Carnival: the Brazilian way of celebrating

During the 6 days of the Olinda Carnival there are hundreds of groups performing and music performers and dance shows throughout the old town. And above all, there are hundreds of spontaneous blocos.

To see the Carnival in Olinda you don’t pay for entrance. Everything happens in the streets right where the people are.

 

Olinda Carnival, the public

Brazilians in all ages having fun together

Some people dress up and others wear their normal clothing but the main thing is that it looks like everybody has a lot of fun. First after I had seen how people partied in the streets I understood that to understand Brazil you have see the Carnival.

 

What you should know is that Olinda streets get even more packed towards the night and people drink more and get wilder. As so many people are coming and going and touching you in the crowd, you have to keep your money, credit card and cell phone safe. For this reason we didn’t take our camera to Carnival streets and had to take all our photos with phones. And our money and valuables we carried in travel money belts.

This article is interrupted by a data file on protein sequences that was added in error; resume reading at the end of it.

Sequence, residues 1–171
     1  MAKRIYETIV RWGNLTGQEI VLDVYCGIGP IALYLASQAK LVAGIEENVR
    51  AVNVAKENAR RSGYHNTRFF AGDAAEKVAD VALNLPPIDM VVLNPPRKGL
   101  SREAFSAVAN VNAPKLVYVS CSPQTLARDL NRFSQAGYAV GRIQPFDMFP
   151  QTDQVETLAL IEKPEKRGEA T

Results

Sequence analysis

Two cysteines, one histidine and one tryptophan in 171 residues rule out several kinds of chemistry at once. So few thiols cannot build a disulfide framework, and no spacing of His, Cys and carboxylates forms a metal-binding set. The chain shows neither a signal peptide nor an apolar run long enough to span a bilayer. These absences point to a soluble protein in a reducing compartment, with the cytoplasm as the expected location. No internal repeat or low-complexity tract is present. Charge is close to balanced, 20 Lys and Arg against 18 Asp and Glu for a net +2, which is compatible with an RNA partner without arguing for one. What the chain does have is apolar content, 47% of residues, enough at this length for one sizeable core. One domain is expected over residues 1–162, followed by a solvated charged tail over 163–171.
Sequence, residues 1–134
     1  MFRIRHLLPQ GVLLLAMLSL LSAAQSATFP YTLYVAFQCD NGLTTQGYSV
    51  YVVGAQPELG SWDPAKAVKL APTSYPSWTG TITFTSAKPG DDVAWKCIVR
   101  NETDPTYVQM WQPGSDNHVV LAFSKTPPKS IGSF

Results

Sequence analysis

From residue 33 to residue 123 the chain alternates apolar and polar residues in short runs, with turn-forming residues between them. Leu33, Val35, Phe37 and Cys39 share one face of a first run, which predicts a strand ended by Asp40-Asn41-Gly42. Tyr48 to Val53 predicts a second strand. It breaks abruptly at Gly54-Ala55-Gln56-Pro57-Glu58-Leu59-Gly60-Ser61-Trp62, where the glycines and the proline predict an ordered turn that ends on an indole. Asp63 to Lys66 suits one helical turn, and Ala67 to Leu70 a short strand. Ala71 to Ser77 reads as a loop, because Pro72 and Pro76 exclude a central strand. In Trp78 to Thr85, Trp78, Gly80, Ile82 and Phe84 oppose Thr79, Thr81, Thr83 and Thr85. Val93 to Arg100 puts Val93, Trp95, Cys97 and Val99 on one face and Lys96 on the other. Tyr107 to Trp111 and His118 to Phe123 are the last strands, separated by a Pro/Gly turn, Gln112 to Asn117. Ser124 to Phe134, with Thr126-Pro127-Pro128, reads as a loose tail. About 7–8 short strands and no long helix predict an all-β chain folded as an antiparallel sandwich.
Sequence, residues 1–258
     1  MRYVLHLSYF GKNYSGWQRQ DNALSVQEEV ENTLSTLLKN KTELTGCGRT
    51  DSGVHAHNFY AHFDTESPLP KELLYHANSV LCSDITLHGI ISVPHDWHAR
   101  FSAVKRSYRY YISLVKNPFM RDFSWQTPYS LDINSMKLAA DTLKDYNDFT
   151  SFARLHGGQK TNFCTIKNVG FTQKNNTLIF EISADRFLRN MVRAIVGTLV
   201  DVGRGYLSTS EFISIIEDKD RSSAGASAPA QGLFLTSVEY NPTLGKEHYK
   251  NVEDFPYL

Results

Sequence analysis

The Recife Carnival

Later in the afternoon we left Olinda to see what the Carnival of Recife is like. It was a huge effort to get a taxi as everybody else, too, was going to Recife at the same time.

We spent the rest of the day in the streets of the Old Recife, Recife Antigo. That is the place where most Recife people come and  party.

Enjoying Recife Carnival

Enjoying the Recife Carnival with a drink

Following many others we took seats in a street cafe in the old town, and to get closer to the parades we chose one of the smaller side streets along which all parades pass. This turned out to be a very good idea: we could see all the parades right in front of our table!

Watching Recife Street Parades